Internationally acclaimed tech guru, author, TEDx speaker and futurist, Theo Priestly, is no stranger to technology’s role in businesses that want to survive and thrive. We caught up with Theo regarding his thoughts on the future of virtual reality (VR) in business.
Priestley has spent the last two years evaluating trends in the marketplace, providing insight into new and emerging technologies, and carefully evaluating and communicating the role they may (or may not) play in society and business. He’s also been placed (multiple times) within the Top 100 global technology influencer and evangelist on the Internet of Things (IoT), Artificial Intelligence (AI), VR, and Fintech. It would be difficult to find a more appropriate individual to provide insight into the future of VR and its efficacy across various applications within different industries.
Where is VR now, and where is it going?
The main application for VR at the moment is in gaming. Its appeal for immersive and interactive gameplay is clear. For anyone who hasn’t played a game in VR: it’s about a million times better than the Nintendo Wii. In other words, the prevalence and excitement for VR gaming distracts from the potential this technology has in the professional world.
Theo Priestley is enthusiastic about the future of VR, and its potential in education in many contexts: soft-skills training, schooling, and in professional safety demos.
VR for Workplace Training
Workplace training needs for large and multinational organisations are massive, and this is where VR has the opportunity to shine by offering a practical, scalable, bespoke, and efficient solution. VR is already changing the nature of work. Therefore, the return on investment (ROI) potential for a VR workplace training solution is significant, and with knowledge retention jumping from a paltry 5% for traditional lecture-based training to a significant 75% for training that uses VR as its medium, it’s a no-brainer. In addition, the interactive nature of immersive VR will easily supersede any video or class-based training protocol regarding retention rates and skills development.
VR in Education
PwC’s report on Extended Reality tech, Seeing is Believing, reported that immersive learning improves knowledge retention by up to 65%. VR is a powerful tool in secondary and tertiary education the normal constraints of physical boundaries no longer apply. In other words, students experience full immersion in educational scenarios. After that, these scenarios are infinitely repeatable and standardised.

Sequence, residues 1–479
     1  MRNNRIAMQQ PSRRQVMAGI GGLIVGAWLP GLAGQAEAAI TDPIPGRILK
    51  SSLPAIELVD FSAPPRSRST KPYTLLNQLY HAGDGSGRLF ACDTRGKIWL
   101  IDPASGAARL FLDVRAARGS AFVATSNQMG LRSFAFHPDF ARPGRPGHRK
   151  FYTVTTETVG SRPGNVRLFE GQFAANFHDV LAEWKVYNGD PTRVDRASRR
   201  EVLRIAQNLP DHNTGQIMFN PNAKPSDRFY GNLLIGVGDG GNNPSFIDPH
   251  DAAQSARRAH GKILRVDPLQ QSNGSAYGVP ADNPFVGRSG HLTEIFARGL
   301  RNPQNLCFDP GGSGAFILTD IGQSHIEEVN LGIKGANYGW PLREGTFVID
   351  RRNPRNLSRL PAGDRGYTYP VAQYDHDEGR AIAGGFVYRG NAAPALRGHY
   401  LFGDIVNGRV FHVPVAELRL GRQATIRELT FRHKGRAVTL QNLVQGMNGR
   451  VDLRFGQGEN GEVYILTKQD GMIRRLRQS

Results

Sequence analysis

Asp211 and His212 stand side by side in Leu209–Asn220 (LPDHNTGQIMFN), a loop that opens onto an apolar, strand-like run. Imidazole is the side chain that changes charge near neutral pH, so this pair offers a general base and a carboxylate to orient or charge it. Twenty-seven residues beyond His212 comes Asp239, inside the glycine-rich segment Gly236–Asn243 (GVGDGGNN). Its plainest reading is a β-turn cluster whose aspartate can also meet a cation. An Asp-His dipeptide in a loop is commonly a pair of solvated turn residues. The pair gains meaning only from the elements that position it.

“There is huge potential for VR … this technology is scalable, effective, and cost-efficient.”– Theo Priestley
Virtual Soft-Skills Training
VR has already been effective in soft-skills training in various industries. In addition, Priestley spoke to examples of how VR has been utilised in the banking sector. Bank of America has recently instituted VR training to help their employees to “better understand the diverse needs of their customers”. VR Training has been used to help employees manage stress, pre-empt customers’ needs, as well as improving interviewing skills. VR can create realistic spaces where this immersive and experiential learning can take place. Training employees in VR before they interact with real customers is a brilliant way of preparing them for the role.
Businesses that have already invested in VR make that positive cost-benefit connection and understanding the true investment potential of VR. This technology can help with education across a broad spectrum of applications and industries. Having attentive, well-trained, and engaged staff is crucial for long-term success. VR has the power to make this happen. It is an investment, not only for an organisation’s staff, but for their business as a whole.